There was a day when they ran to the sound of gunfire. This past weekend in Moyock, N.C. it was more of a casual walk.
That’s not to say they weren’t eager to shoot. Nearly 100 military veterans were joined by 150 of their family members to Honored America’s Veterans Afield Family Range Day. They represented service in our nation’s wars. They fought in Vietnam, Panama and the Gulf War. They shared stories of both the joy and miseries of Iraq and Afghanistan tours.
Industry Gives Back
Thanks to the combined efforts of companies in the firearms industry, these veterans were treated to a free day at the range to shoot some of the latest firearms models, check their marksmanship skills and, most importantly, bond with friends and families.
“We do this as a way for those of us in the firearms industry to give back,” said Tom Taylor, HAVA’s Chairman. “The firearms industry is home to many veterans and it is our way of say thanks for all you have done for our country.”
SIG Sauer had several of the newest military sidearms on hand, SIG’s P320, for the veterans to test fire. Glock was on hand, as were firearms from Mossberg, Smith & Wesson, Ruger, IWI and XS Sight Systems. They were joined by others, including Hornady, Federal Premium, SureFire, Crimson Trace, FMG Publications ad NSSF among others. They all had one purpose and the veterans got into the spirit of the day quickly.
Freedom’s Ring On Steel Targets
The day’s events kicked off by a show of what veteran determination can do. Rick Cicero, Manager and Lead Instructor for HAVA’s Learn to Shoot Again program, put on a demonstration of what’s possible when veterans recovering from injuries connect with one another and put their sights on their targets. Cicero is a recovering wounded warrior, who lost an arm and leg in Afghanistan while serving as a military contractor. He was determined during his recovery to get back to a firing line. For this HAVA Family Range Day, the seventh at this location, Cicero showed he had the military grit to accomplish his goals.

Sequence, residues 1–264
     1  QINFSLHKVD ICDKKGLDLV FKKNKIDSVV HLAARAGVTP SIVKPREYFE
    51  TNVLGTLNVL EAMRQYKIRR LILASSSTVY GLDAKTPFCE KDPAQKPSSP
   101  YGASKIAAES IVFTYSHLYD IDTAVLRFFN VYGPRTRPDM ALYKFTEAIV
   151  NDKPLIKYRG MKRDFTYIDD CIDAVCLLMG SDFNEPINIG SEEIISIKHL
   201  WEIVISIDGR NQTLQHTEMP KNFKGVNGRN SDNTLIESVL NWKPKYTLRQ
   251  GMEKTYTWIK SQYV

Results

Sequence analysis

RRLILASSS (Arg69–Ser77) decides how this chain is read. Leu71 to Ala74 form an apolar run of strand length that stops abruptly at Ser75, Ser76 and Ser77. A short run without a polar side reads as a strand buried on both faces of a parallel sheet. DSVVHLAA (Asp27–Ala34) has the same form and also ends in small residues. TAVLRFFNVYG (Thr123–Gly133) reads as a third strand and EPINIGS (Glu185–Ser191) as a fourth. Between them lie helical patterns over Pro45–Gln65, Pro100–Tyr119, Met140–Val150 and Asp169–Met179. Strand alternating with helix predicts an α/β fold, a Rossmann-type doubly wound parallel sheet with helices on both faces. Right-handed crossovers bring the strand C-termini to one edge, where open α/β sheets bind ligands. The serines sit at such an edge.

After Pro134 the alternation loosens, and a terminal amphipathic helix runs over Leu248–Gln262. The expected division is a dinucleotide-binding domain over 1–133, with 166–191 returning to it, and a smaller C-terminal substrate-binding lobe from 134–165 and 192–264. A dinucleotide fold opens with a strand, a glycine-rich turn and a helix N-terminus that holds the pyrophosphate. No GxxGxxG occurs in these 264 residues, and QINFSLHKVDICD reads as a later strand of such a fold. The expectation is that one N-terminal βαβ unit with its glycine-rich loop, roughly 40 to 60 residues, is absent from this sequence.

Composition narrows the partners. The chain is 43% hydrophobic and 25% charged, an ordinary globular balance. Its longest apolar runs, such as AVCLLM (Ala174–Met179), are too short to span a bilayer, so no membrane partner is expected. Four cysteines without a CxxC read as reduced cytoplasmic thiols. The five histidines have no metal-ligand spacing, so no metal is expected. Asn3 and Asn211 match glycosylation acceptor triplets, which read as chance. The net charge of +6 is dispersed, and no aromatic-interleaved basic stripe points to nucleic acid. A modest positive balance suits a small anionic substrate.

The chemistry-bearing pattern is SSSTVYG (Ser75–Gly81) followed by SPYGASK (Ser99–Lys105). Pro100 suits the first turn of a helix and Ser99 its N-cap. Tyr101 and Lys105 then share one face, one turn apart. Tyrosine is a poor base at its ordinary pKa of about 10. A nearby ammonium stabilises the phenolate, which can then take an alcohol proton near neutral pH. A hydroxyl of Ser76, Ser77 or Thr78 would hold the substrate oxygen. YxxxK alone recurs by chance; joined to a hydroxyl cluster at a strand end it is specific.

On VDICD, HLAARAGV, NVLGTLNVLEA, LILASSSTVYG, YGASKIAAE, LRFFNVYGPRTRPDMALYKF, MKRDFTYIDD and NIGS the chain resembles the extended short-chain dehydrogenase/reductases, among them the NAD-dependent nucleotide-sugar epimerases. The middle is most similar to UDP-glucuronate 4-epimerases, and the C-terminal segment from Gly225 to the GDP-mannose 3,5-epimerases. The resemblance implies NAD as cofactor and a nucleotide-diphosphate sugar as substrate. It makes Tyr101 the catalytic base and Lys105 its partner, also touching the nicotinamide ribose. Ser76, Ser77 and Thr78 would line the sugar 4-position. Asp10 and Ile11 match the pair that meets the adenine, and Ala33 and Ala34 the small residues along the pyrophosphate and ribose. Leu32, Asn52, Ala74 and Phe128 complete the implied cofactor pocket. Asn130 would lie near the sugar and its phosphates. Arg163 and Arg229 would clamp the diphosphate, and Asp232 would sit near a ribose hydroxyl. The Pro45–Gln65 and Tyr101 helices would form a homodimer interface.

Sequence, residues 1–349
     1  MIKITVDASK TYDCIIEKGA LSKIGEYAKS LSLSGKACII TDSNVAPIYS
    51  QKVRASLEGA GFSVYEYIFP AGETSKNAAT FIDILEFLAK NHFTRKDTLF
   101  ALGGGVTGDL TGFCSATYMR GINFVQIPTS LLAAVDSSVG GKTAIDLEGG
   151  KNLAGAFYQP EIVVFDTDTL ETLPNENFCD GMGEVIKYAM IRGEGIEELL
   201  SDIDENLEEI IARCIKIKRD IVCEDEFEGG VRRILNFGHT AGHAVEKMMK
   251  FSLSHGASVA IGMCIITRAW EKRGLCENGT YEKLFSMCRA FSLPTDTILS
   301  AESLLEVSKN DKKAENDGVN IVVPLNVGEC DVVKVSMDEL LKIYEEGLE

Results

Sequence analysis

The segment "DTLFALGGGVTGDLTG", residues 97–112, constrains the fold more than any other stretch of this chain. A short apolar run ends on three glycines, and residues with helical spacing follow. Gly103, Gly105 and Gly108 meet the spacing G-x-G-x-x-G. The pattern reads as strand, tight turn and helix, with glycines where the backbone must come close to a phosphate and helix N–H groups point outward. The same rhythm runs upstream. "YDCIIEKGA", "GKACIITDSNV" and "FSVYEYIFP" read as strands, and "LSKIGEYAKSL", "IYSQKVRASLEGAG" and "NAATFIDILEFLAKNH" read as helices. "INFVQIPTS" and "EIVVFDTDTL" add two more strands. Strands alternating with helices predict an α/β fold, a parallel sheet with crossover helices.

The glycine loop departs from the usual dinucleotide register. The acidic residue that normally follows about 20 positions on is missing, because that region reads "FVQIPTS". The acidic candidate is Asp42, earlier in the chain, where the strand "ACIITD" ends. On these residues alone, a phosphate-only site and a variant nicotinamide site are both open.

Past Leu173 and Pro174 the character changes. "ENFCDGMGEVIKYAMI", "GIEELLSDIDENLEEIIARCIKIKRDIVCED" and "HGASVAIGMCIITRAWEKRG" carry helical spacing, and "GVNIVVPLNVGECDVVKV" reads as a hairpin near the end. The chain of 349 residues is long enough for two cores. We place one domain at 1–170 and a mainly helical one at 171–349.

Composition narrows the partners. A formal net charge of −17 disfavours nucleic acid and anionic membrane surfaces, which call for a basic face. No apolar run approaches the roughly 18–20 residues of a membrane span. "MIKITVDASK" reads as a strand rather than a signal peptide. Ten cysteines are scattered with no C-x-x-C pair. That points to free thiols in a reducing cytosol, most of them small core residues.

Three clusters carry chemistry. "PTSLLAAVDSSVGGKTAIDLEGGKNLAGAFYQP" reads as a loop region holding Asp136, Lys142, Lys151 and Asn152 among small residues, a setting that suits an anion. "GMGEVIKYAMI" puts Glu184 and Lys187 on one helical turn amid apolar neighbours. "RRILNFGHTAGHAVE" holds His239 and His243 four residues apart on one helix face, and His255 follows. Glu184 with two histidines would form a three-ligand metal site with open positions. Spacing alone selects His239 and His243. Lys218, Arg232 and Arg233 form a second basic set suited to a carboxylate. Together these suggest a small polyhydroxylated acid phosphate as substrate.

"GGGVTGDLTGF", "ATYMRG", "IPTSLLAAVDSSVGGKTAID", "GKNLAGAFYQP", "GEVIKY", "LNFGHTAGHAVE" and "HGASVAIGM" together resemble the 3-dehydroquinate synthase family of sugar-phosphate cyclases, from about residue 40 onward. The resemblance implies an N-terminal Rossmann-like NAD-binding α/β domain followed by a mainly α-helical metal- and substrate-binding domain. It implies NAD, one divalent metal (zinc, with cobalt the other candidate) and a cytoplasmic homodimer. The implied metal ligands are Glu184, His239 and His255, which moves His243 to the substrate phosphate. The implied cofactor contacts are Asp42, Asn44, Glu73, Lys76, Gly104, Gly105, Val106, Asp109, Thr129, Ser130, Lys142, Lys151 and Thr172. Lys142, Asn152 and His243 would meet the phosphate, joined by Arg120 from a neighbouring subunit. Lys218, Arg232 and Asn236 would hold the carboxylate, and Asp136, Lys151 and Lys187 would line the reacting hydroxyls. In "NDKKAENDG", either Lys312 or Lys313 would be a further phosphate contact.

Cicero was shooting, moving from target-to-target, and punching holes in the scoring rings. Making it even more impressive, he was doing it with a new prosthetic leg for which he was fitted just a week before.
“It’s all about getting veterans up and out of the house and back to doing something they didn’t know they could do,” Cicero explained. “We might just have to find a way to do it differently. It’s not about what they can’t do anymore. It’s about finding out what they can do and learning how we can make that happen.”
HAVA hosts several Family Range Days and hunts by invitation for veterans. For more information, visit their website, www.honoredveterans.org.
Mark Oliva manages public affairs for the National Shooting Sports Foundation.